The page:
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An abductor muscle is any muscle which moves a body part away from the body’s midline or sagittal plane — the artificial division separating the body vertically into right and left halves. This type of movement is known as abduction. Abductor muscles are found throughout the human body, from obvious locations like the outer thigh to less expected places, such as the eyeball. They work in cooperation with adductor muscles, which move body parts back toward the midline.
The most basic movement of many body parts would be impossible without the work of an abductor muscle. Lifting one’s hand at the wrist, for instance, is dependent upon two of these muscles: the flexor carpi radialis and the extensor carpi radialis longus. The length of these muscles reveals the complexity of this seemingly simple abduction; both begin at the humerus, or funny bone, and terminate at the metacarpals, or upper bones of the hand. Raising one’s arm so that it is perpendicular to the torso is another example of abduction. In this case, two muscles of the shoulder, the deltoid and the supraspinatus, are responsible for the motion.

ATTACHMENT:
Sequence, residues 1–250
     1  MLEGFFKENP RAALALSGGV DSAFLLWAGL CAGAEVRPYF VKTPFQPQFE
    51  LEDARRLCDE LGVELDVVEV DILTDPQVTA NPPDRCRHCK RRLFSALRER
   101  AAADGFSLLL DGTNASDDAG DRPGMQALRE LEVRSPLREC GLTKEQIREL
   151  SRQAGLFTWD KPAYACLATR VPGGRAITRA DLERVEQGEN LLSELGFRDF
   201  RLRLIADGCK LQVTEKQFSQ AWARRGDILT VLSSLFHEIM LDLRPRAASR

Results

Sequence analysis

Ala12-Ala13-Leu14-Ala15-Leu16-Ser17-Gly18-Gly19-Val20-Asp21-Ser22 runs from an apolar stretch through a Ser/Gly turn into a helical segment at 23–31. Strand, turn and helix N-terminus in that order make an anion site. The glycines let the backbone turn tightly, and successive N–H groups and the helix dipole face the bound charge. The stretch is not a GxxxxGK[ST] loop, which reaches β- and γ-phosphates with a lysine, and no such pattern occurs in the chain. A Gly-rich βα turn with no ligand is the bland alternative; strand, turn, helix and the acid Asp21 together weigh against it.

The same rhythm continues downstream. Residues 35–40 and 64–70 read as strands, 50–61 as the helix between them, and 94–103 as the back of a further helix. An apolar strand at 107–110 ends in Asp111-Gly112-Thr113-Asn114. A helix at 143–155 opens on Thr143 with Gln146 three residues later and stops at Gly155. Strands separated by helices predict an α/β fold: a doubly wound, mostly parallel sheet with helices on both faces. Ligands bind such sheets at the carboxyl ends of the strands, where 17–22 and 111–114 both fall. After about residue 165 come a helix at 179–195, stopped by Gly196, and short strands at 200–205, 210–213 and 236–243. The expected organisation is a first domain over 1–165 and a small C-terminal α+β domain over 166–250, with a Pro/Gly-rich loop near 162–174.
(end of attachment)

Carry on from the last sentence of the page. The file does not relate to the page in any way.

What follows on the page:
Generally, the term abductor muscle is commonly associated with the hip area, a place of frequent and sometimes painful injuries for runners and other types of athletes. The so-called "hip abductor" actually comprises a system of muscles — the gluteus medius, the gluteus minimus, the tensor fasciae latae, and the piriformis – that work together to abduct the thigh at the hip joint. Injury most commonly occurs in this area when the repetitive abduction of the femur, or thigh bone, causes inflammation of the local bursa sac — a fluid-filled pocket that acts as a cushion between bone and tendon. Various factors, such as wearing inadequately supportive shoes, training too frequently, or running on uneven surfaces, can contribute to this type of injury. Weakness of an abductor muscle in the hip area is often to blame for pain in other areas of the leg, such as the knee and the ankle.
Exercises to strengthen the hip abductor muscles can help reduce the chance of leg injury arising from physical activity. Many of these exercises utilize a resistance band — a thin circle of stretchable material that is anchored at one end around a stationary object. The foot is inserted at the other end and repeatedly lifted outward, or abducted, strengthening the hip muscles over time. People who experience lingering pain in the abductor muscles, or have difficulty abducting a limb or other body part, should consult a physician, who may prescribe a course of physical therapy.
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